Backgrounder: Modernizing Labour Standards
The legislation will amend Part III of the Canada Labour Code (Code) to ensure that employees in the federally regulated private sector have a robust and modern set of labour standards that reflects the realities of the 21st century workplace and sets the stage for good quality jobs. The amendments will:
- Improve employees’ eligibility for entitlements by:
- eliminating minimum length of service requirements for general holiday pay, sick leave, maternity leave, parental leave, leave related to critical illness and leave related to death or disappearance of a child; and
- reducing the length of service required to be eligible for three weeks of vacation with pay from 6 years to 5 years.
- Improve work-life balance by:
- adding an unpaid break of 30 minutes for every five hours of work, a minimum eight-hour rest period between shifts, and unpaid breaks for breastfeeding or pumping breastmilk, or for medical reasons;
- requiring employers to provide employees with at least 96 hours’ advance notice of their schedules;
- adding four weeks of vacation with pay after 10 or more years of service;
- introducing a new five-day personal leave, of which three days are paid, and five days of paid leave for victims of family violence (out of 10 days in total);
- improving access to medical leave by allowing it to be taken for medical appointments, clarifying that it covers organ or tissue donation, and only allowing employers to request a certificate for leave of three or more consecutive days; and
- introducing a new unpaid leave for court or jury duty.
- Ensure fair treatment and compensation for employees in precarious work by:
- requiring that casual, part-time, temporary and seasonal employees are paid equally to their full-time counterparts;
- protecting temporary help agency employees from unfair practices such as being charged a fee for being assigned work ;
- requiring employers to provide employees with information about their rights and entitlements and their conditions of employment and entitling all employees to be informed of employment or promotion opportunities;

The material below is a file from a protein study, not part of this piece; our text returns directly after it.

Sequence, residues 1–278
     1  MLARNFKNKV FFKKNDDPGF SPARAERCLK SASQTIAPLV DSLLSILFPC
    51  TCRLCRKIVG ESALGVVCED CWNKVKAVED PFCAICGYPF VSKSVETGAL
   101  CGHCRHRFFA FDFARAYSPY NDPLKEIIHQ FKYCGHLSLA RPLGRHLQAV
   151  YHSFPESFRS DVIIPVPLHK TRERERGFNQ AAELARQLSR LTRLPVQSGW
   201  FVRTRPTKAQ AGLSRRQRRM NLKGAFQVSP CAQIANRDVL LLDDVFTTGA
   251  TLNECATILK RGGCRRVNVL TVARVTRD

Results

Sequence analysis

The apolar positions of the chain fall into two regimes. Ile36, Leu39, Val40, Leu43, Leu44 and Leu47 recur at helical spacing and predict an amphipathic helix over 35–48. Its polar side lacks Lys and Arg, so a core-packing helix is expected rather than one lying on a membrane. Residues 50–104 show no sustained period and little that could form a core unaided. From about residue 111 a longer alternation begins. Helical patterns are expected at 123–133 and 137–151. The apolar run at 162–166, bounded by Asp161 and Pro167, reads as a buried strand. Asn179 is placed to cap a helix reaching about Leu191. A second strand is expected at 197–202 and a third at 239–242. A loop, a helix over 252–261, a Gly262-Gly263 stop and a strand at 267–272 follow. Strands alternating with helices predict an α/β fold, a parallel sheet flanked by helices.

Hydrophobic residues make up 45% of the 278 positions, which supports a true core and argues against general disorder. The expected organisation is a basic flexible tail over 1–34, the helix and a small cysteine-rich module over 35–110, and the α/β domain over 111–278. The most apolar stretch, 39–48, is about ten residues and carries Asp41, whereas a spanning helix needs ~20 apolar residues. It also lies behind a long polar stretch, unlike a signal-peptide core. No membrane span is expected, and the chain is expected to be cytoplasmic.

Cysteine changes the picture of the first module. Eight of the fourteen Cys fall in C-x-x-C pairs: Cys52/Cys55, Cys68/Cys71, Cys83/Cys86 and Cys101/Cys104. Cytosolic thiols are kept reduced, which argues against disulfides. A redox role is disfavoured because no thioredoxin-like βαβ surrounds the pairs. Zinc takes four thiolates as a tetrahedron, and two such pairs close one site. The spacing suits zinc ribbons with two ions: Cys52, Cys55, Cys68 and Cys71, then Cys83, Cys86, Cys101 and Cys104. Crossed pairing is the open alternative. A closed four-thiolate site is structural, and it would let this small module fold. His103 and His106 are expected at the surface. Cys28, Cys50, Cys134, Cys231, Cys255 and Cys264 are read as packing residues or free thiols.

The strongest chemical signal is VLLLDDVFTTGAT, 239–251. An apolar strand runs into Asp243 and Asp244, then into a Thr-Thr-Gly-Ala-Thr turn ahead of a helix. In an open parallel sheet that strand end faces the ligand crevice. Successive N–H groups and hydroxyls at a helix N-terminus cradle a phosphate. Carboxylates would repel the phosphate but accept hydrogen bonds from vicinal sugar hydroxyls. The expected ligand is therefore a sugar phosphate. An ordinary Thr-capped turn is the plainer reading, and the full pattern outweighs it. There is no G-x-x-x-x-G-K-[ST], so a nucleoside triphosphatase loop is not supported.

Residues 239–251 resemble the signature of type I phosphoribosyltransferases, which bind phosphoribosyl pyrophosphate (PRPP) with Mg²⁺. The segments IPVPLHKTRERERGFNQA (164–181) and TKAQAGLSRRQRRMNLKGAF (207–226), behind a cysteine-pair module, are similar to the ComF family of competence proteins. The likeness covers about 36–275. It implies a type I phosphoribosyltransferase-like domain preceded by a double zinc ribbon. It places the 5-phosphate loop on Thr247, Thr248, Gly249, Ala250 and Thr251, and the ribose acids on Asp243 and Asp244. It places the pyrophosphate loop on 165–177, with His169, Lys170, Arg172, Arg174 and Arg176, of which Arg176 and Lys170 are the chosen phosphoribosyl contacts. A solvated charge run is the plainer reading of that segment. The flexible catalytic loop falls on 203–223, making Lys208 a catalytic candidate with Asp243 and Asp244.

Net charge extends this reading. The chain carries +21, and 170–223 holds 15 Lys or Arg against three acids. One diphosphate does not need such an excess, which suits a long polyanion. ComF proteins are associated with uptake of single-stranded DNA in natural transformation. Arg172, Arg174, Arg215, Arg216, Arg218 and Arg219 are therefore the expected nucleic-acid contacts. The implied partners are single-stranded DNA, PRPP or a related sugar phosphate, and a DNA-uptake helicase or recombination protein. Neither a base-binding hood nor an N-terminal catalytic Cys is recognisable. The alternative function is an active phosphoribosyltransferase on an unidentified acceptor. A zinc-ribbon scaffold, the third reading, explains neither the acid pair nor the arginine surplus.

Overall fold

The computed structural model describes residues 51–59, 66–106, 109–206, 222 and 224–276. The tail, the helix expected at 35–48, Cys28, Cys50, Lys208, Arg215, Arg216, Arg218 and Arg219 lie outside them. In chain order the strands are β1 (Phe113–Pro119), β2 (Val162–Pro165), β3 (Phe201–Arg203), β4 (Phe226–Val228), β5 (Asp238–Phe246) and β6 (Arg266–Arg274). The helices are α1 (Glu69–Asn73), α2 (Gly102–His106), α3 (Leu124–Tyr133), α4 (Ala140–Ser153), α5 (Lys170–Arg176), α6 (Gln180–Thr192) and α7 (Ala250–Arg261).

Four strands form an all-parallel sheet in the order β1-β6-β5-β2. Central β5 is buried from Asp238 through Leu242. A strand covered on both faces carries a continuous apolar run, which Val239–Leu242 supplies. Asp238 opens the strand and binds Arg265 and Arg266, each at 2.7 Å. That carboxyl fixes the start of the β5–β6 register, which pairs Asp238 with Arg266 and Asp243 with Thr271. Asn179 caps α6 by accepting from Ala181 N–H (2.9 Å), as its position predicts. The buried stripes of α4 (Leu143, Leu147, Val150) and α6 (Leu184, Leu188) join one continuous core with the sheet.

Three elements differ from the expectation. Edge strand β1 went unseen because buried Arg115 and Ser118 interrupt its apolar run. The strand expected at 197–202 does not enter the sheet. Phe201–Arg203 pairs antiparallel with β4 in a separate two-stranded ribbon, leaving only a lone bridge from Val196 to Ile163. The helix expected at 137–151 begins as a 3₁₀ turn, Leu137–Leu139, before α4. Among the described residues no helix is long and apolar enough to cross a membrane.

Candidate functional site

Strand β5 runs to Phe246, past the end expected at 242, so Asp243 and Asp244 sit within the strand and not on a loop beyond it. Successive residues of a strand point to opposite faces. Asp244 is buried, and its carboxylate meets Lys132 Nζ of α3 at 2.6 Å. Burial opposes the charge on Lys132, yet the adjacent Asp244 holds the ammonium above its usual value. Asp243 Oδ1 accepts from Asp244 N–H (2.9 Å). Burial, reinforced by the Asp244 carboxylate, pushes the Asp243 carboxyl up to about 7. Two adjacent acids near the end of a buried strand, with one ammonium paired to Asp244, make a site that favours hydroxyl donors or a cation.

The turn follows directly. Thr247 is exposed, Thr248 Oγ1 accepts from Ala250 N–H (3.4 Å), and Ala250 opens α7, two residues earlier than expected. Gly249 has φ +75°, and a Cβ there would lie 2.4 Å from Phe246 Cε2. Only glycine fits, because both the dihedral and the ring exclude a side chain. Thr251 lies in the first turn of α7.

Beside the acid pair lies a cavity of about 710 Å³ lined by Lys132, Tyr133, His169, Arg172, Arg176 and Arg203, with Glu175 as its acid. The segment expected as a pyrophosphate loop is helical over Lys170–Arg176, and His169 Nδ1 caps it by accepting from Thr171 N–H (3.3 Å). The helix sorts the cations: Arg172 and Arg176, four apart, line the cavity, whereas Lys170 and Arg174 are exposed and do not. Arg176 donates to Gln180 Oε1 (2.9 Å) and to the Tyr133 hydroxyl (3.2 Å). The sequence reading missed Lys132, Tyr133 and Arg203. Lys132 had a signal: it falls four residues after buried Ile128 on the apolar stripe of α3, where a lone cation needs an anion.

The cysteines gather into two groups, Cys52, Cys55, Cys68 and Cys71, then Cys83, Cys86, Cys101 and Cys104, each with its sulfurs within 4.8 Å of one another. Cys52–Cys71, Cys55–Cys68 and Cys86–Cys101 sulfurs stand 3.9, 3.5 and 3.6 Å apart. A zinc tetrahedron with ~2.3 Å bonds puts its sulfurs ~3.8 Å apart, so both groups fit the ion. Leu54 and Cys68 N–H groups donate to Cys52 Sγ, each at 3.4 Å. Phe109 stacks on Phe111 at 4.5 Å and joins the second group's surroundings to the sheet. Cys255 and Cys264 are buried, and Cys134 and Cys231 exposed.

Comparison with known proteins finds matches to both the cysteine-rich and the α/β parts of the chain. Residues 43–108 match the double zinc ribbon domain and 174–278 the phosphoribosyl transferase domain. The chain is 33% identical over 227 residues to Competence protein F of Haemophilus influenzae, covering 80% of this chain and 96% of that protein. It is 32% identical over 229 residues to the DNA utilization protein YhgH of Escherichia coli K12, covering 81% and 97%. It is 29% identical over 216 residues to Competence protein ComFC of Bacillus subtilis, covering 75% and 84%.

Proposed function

- prohibiting employers from treating an employee as if they were not their employee in order to avoid their obligations or to deprive the employee of their rights;
- treating employees’ length of service as continuous in cases of contract retendering within the federal private sector, or when their employment is transferred from a provincially regulated employer to a federally regulated employer;
- allowing an employee to seek reimbursement of work-related expenses; and
- raising the minimum age for work in hazardous occupations from 17 to 18 years of age.
- Ensure that employees receive sufficient notice and compensation when their jobs are terminated to help protect their financial security by:
- in situations where 50 or more employees are being terminated, allowing employers to provide pay in lieu of the required 16-week group notice or a combination of notice and pay in lieu and requiring that employees be given eight weeks’ notice of termination or pay in lieu;
- putting in place a graduated notice of individual termination that will range from two weeks’ notice or pay in lieu of notice or a combination of notice and pay in lieu, for employees with between three months and less than three years of continuous employment to a maximum of eight weeks after eight years of continuous employment; and
- requiring employers to inform terminated employees about their termination rights.
The legislation also includes a number of technical amendments to improve the administration and enforcement of federal labour standards, including the establishment of a new Head of Compliance and Enforcement and broadening the scope of health-care practitioners who can issue medical certificates. It will also expand the scope of the leave of absence for members of the Reserve Force to include military skills training and limiting the maximum amount of leave that an employee may take to 24 months in any 60-month period.
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